This was one of the hardest days for me on the Camino. It rained consistently for about four hours of our walking. Though it wasn’t freezing, it was cold enough. My fingers felt frostbitten as they held the trekking poles. (I didn’t use gloves until later because I thought they would be soaked.) We walked about 11 miles before we had our “coffee stop.” That helped immensely and the rain seemed to subside after that break. Visions of bus rides and taxis were playing in my head.
Though I have rain gear, I was wishing I bought that high-tech rip-stop poncho that I saw in the store in León the day before. Maybe I will buy it in Astorga. Today was the first true test of our rain gear. Lena has a waterproof jacket covered by a plastic poncho. It seemed to work well for her. I have a waterproof shell and a backpack rain cover. We both wore our hats. Both of our pairs of shoes got a bit soaked, but are now drying in the boot rack, stuffed with newspaper. We made it – but had the rain continued and the wind kept up, it would have been an even harder day.
All this makes me think about hardship. I have not had too much of it in my life. Certainly people I love have gone through crises and friends and family have died—I don’t ever want to minimize any of that. Yet, life for me has been quite fortunate. I hesitate to say “blessed,” not because I don’t recognize that all I have received in life is a gift, but because saying “blessed” might imply that I receive good things from God and while others do not. I am so grateful for everything that has come in my life.
I also don’t live life under regular daily hardships. I have never had to struggle to find food. I have a warm bed to sleep in. I am deeply loved by many people. So a walk like today is a tiny hint that life is not always easy. I feel almost embarrassed saying this because I am well aware of the hardships that many face. The journey/the Camino is not always easy. I suspect it is not meant to be so. But I have no idea why it is easy for some and hard for others.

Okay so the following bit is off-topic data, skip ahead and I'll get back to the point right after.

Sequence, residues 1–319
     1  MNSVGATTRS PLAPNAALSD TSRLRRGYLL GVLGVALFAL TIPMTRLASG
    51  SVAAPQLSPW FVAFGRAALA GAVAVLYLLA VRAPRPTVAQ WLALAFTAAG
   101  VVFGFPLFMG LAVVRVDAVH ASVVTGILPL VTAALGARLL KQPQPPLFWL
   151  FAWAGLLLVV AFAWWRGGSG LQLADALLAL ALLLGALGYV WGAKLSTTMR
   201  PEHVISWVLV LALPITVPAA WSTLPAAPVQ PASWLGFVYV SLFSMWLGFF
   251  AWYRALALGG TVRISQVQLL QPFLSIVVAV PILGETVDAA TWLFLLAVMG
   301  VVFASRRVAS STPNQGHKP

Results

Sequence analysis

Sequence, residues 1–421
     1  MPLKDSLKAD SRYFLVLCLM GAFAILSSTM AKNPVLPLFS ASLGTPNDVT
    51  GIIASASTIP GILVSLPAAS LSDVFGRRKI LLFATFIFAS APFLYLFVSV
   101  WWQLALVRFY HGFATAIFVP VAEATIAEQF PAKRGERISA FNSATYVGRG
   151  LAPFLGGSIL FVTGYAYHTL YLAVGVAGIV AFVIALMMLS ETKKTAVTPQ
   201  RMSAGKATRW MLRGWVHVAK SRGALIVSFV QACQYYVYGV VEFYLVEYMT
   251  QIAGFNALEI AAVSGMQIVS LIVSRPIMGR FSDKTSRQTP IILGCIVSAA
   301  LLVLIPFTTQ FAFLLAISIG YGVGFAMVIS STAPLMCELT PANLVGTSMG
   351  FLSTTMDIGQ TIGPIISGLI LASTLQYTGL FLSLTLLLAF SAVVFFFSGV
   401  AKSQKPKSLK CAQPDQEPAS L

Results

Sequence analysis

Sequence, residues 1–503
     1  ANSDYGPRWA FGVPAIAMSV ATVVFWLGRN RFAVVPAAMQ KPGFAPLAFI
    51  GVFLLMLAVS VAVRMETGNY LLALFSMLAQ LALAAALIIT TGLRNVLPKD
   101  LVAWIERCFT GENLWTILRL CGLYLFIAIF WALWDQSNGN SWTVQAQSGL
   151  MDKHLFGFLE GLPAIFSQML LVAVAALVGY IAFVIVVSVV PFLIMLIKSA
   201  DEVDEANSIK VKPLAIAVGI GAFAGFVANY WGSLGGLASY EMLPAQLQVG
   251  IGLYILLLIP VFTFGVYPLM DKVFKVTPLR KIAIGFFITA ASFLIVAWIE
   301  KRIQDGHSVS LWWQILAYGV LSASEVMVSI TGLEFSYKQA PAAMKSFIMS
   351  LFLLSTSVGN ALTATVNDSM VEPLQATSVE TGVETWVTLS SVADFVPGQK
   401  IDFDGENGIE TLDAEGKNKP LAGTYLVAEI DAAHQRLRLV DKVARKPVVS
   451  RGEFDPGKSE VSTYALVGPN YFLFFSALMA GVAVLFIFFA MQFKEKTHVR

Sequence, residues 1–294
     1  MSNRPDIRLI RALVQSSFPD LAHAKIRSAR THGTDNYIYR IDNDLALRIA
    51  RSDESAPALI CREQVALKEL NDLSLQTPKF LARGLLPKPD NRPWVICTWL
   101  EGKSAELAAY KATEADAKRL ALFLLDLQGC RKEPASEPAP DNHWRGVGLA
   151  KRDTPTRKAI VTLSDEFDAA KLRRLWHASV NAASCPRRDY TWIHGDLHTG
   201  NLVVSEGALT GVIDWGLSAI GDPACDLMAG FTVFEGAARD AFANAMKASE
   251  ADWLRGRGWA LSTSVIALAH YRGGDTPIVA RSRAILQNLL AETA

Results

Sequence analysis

Today we met a woman named Annika, who shared a little bit with us about her life and the hardships she has seen. Her story is complicated one but I will try to give a hint of the reality. Annika is in her late 20s, a British citizen, born and raised in Birmingham. Her ancestry is Pakistani and she tells us her immediate family includes 21 people, including six siblings and their children.
She is walking part of the Camino on a bet, her winnings being a Papa John’s pizza. Really. (I know, I know,—the Camino is the source of many strange habits.) She wore a dress and boots and carried an umbrella. She currently lives in Warsaw, Poland with her boyfriend who is Polish. Her occupation is selling Pakistani street food, and she tells us she does well just to break even.
Prior to all of this, she spent time working with refugees. (In fact, that is how she met her boyfriend.) She started, almost on a whim, traveling to Greece, getting bored with partying there, and being invited to work with refugees in one of the larger camps in Greece. I believe she worked with both Afghani and Syrian refugees. Later she worked in refugee camps in Serbia, where evidently they have been taking a good number of refugees. (The United Nations has offered the government there some support in doing this.) She worked particularly with the Afghan refugees. She told us of stories of how Afghan young men were offered tales of the wealth and safety available to them in Europe, and how they would utilize all their resources to pay smugglers to get them to some part of Europe. Once arriving and realizing how hard it was, these young men would not consider returning home because of the shame they would experience after their families had given up so much to get them to Europe. So they perpetuate the myth and live through the poverty, the cold, and the abuse by smugglers.
She related that in Hungary the treatment of refugees was even worse. She shared a saying that at least one Syrian refugee had painted on the outside of his tent. “Better to die in a war in Syria than live in a refugee camp in Europe.” In her work she offered what care she could to those who came, she negotiated with smugglers (she said they would listen to her because of her “maternal” approach), she even thought about trying to mount a media effort to communicate the truth of the refugee situation to the people of Afghanistan. But her own work with refugees ended relatively quickly. After a bit more than a year she had to give it up, suffering what she called a kind of PTSD.
Annika’s story was captivating to us. A story of hope. A story of pain. A story of real hardship in our world.